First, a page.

Saturday, February 18, 2012


Note to self for future reference:

2 trains + 1 hotel + 1 shuttle + 3 flights + 150 pounds of luggage + extreme jet lag = Recipe for disaster

In all fairness, my journey back to America started out quite smoothly. After a tearful goodbye to the family I worked for (have I mentioned that I am REALLY going to miss those kids?), I caught the train to Hamburg on Friday night. Once in Hamburg I hauled my bags across the street to the metro station where I took a 25 minute tram ride to the station closest to my hotel. A nice man even helped me get my luggage down the three flights of stairs separating me from the street (no elevators!). I then walked 2 blocks to my hotel and, around 9:30pm, checked in. I ordered room service and was even treated to complimentary ice cream before settling in for a short 4.5 hours of sleep before waking up at 4:00am to head to the airport.

Now, I’ll admit, I was nervous about my luggage. I knew it was heavy—heck, I literally have blisters from dragging it around Hamburg—but I wasn’t exactly sure how heavy. I had weighed it back at my apartment and knew it was right on the edge of the allowed limit and I prayed I wouldn’t rack up a fortune in fines when I placed my bags on the scale. The first suitcase I weighed was overweight by 2 kilos. However, the second one was slightly underweight and the very kind American Airlines lady let it slide. J

My first flight (to London) went very well. I was even able to navigate the monstrosity that is Heathrow Airport with relative ease and on our descent I spotted Big Ben (those of you who have been around since my adventures studying abroad will remember my obsession with this particular monument), which reminded me all over again how much I adore that city. Unfortunately, the universe must have thought I needed a little more time to rekindle my love affair with London because my flight to Chicago was delayed. For 5 hours.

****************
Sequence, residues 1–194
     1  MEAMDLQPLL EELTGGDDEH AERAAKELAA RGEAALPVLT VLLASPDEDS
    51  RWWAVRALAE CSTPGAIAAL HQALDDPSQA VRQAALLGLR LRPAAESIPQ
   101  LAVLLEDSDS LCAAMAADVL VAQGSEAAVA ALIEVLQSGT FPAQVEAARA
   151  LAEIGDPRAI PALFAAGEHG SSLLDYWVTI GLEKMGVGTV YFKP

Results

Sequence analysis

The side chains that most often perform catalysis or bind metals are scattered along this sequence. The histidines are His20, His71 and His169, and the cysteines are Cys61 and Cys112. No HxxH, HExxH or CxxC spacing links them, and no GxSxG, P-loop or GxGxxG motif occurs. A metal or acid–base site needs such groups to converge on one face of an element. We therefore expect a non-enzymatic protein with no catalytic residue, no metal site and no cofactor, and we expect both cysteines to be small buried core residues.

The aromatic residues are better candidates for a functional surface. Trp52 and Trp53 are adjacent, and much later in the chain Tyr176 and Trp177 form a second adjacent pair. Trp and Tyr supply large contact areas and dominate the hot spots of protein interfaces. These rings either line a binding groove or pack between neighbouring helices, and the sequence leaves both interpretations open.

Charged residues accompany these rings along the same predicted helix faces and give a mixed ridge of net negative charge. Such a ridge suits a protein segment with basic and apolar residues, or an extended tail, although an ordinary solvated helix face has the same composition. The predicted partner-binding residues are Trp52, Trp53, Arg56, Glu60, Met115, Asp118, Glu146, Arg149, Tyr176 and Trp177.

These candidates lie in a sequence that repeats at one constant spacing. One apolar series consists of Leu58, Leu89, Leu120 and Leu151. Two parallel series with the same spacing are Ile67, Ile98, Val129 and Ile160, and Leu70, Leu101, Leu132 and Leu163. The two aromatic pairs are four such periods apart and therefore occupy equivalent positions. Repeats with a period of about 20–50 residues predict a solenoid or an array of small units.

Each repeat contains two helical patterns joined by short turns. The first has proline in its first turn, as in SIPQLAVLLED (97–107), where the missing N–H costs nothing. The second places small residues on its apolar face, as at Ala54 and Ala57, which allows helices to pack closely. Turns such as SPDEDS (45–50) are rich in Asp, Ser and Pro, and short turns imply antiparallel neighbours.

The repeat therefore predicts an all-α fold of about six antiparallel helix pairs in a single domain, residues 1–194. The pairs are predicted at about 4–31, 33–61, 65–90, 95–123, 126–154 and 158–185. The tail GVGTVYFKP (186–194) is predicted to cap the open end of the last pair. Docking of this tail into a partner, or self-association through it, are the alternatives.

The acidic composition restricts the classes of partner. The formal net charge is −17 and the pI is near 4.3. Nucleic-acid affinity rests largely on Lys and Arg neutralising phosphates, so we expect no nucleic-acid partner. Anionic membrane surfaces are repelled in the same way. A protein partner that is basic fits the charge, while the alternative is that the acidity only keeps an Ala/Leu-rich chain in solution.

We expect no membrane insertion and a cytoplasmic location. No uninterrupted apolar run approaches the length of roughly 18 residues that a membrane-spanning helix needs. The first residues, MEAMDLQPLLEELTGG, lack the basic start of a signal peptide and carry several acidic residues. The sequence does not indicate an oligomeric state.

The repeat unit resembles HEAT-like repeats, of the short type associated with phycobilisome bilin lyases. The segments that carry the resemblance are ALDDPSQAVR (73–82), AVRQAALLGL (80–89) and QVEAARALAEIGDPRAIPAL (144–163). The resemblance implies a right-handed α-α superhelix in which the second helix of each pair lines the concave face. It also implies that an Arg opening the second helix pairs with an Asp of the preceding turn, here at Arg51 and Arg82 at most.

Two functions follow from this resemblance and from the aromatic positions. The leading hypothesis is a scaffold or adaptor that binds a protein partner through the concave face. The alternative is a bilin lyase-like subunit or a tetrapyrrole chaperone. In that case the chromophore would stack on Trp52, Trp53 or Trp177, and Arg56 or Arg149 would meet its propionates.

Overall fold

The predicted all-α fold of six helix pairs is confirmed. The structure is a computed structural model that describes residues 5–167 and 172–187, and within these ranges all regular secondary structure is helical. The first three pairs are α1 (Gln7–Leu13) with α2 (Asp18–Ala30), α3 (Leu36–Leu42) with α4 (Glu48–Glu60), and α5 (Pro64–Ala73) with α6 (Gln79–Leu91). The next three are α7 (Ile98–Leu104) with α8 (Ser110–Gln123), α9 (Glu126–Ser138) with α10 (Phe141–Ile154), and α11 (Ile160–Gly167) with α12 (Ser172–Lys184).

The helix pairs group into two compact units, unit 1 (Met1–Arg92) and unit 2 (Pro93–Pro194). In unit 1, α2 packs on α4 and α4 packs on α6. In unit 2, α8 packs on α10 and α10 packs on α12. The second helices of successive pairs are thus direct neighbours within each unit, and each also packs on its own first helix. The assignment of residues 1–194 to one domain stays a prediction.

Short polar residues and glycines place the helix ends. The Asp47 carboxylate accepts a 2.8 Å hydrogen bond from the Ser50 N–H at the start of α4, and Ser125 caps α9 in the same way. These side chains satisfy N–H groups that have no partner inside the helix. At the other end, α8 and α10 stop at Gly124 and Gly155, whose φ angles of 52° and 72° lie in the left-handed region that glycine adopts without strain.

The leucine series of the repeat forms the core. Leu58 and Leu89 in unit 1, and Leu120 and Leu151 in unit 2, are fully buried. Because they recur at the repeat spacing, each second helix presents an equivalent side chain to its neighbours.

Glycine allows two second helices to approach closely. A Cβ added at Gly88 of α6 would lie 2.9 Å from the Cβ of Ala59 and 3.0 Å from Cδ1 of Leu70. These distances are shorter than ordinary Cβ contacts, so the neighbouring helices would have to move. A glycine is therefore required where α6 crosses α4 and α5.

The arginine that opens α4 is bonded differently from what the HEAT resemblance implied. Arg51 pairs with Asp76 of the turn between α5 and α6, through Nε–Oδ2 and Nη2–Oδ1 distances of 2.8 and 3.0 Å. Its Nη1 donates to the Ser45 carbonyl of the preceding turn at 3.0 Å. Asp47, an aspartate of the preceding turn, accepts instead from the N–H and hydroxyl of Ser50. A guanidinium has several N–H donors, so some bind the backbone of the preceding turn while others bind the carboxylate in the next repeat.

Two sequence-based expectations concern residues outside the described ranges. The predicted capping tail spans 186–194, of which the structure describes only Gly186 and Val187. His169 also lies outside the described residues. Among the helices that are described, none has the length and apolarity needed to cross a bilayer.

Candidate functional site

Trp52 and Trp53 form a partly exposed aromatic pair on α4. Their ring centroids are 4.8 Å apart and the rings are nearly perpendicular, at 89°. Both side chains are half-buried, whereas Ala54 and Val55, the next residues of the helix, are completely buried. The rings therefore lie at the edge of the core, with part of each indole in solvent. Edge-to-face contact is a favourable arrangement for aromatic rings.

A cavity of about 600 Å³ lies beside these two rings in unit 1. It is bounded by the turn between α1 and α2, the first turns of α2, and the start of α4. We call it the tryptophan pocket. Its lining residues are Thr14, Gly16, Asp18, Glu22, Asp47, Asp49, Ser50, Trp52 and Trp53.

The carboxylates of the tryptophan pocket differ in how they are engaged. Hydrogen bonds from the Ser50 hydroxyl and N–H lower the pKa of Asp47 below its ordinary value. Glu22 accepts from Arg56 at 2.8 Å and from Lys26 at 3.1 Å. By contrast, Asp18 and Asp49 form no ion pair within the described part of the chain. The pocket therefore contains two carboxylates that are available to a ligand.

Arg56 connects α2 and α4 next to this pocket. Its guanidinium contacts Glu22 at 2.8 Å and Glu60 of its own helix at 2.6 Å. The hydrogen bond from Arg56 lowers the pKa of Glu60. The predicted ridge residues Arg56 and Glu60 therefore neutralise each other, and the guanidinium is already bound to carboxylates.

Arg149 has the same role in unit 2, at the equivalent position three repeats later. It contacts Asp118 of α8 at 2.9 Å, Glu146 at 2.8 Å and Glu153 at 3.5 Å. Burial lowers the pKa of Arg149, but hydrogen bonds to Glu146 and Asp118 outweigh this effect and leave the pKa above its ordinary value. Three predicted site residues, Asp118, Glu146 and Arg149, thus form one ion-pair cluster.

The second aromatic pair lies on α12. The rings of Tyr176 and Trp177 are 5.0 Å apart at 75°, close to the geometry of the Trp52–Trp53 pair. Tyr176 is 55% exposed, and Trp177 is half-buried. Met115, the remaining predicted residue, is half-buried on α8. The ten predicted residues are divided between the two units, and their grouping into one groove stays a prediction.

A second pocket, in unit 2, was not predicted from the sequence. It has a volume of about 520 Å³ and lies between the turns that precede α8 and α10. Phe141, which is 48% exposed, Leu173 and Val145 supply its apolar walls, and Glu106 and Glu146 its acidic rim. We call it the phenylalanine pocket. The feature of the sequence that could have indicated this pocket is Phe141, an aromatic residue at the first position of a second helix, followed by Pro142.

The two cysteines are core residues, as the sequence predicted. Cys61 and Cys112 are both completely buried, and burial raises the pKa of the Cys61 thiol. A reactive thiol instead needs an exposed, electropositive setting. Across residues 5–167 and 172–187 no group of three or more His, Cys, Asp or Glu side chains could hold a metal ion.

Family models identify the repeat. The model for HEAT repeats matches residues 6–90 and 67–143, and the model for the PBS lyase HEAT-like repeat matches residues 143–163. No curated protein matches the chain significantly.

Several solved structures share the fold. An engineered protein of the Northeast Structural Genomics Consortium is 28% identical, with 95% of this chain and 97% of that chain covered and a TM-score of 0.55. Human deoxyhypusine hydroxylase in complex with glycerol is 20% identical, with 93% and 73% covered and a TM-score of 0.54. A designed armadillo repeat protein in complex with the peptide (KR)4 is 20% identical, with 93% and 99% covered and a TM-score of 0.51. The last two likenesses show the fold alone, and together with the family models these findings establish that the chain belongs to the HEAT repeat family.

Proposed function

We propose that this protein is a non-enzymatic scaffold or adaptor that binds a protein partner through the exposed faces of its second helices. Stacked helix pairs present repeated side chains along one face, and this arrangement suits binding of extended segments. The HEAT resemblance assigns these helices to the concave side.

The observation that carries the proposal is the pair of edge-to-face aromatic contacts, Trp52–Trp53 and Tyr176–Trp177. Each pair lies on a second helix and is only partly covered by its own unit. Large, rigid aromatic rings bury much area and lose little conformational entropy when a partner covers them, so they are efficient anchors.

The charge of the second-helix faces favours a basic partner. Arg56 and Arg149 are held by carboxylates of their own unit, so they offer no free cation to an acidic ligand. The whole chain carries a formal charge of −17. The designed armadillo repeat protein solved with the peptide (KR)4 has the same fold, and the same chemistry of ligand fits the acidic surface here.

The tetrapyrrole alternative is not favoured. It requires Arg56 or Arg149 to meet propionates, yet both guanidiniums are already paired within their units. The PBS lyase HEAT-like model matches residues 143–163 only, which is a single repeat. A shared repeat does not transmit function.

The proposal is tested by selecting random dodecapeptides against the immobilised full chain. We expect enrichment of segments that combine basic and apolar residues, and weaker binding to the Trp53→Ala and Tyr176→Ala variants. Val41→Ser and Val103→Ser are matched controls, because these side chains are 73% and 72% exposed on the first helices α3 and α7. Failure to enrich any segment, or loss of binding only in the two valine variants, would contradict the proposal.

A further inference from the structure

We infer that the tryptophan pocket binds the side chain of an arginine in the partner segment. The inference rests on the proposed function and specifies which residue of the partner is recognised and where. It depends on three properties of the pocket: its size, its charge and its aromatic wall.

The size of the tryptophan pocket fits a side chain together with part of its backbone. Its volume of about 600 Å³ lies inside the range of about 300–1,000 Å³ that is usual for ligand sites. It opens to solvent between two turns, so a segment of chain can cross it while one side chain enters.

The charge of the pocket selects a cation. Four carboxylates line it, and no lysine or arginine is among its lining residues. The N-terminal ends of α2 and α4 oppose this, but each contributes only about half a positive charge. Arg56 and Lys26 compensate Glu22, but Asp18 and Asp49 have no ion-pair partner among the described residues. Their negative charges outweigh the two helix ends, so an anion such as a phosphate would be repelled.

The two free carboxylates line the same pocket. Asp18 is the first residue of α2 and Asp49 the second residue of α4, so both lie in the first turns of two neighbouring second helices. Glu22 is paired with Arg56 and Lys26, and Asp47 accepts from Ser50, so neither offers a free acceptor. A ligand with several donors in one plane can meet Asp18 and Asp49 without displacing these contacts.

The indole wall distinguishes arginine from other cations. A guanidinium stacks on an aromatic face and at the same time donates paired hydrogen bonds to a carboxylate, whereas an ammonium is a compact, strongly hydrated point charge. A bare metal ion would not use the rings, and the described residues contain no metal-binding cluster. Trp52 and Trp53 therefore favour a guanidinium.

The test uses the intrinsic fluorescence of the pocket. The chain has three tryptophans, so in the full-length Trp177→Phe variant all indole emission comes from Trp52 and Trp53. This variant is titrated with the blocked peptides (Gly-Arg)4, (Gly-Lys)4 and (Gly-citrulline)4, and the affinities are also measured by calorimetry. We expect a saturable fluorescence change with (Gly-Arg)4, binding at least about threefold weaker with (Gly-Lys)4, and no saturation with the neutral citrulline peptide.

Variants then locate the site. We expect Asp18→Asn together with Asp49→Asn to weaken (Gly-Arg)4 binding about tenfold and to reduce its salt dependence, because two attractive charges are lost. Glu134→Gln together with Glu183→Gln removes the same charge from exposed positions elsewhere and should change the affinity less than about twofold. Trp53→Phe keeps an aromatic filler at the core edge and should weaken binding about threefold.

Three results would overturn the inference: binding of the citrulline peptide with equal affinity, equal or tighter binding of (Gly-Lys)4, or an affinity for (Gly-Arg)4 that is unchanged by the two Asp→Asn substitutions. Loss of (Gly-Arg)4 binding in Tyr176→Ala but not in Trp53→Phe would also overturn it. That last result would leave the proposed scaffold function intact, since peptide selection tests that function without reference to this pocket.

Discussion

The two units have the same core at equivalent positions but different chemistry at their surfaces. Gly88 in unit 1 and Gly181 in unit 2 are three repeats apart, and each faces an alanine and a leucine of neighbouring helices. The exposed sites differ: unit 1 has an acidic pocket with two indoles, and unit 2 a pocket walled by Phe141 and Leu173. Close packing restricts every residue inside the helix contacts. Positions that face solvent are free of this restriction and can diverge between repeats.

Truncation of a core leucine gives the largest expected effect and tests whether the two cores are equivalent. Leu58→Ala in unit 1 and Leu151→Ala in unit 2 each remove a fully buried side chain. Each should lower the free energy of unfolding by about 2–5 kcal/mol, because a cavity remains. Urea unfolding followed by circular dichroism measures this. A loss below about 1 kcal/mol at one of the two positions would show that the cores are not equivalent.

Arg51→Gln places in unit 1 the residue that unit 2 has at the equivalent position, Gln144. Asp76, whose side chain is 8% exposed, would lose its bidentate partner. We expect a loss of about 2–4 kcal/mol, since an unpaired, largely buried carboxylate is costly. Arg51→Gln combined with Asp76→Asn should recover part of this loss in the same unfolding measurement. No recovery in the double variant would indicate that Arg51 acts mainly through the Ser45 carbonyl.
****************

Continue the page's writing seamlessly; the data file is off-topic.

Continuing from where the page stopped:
Of course, a five hour delay plus a nine-hour flight meant I wasn’t getting in to Chicago until after 6pm on Saturday (which felt like 1am on Sunday to me—hello 24 hours without sleep, my name is Christina). By the time I cleared customs every flight going to Minneapolis was either gone or sold out. Every. Single. One.  And that, ladies and gentlemen, is how I ended up spending my first night back in America in a hotel room in the Windy City.

Instead of a happy reunion with my family I am alone in Chicago, fighting sleep in an effort to reacquaint my poor body with Central Standard Time. And, I have to admit, the situation is not ideal. But, in spite of everything, I can’t call it a total loss. After all, when the customs agent stamped my passport and said “Welcome Home,” those 2 little words I’ve been waiting and waiting to hear, something like joy tap-danced in my chest. It’s good to be home… almost

Thursday, February 16, 2012

Baby Love

On my second to last night in Germany it will surprise no one to learn that I am both incredibly happy and a wee bit sad. I am thrilled to be going to my family and friends, to a language that doesn’t trip me up every time I want to use a preposition, to the potential for a legitimate “big-girl” job, to a place that feels like home. But, on the flip side, I will miss Germany very much. In the last six months I have grown very fond of the bakeries, the bread, the trains, cobblestone streets and, of course, the family that I work for. I will miss the children most especially and, after dedicating half a year of my life to their care, it’s difficult to realize that I will no longer being seeing them every day.

So, in honor of the three children who I have come to truly adore, I would like to post a list entitled “10 Things I Learned as an Au Pair.” It’s a little funny, a little serious and a lot true.

1. Baby laughter can make even the worst day sunnier.

2. “No (Nein)” and “Mine (Mein)” are a two-year-old’s favorite words in any country and any language.

3. It’s a lot harder to explain the English language than it is to speak it.

4. “Twinkle, Twinkle Little Star” can stop a flood of tears in an instant.

5. There is nothing that will melt your heart like having a baby fall asleep in your arms.

6. Kids can bite really hard considering how small they are.

7. Being silly is an important part of life.

8. It really is possible to read a book so many times that you memorize it—even in a foreign language! (“Huhuhu!” weint der kleine Hase, “Mein Ball ist weg, mein schoner bunter Ball.” … and so on and so forth)

9. Dance parties in the living room are good for the soul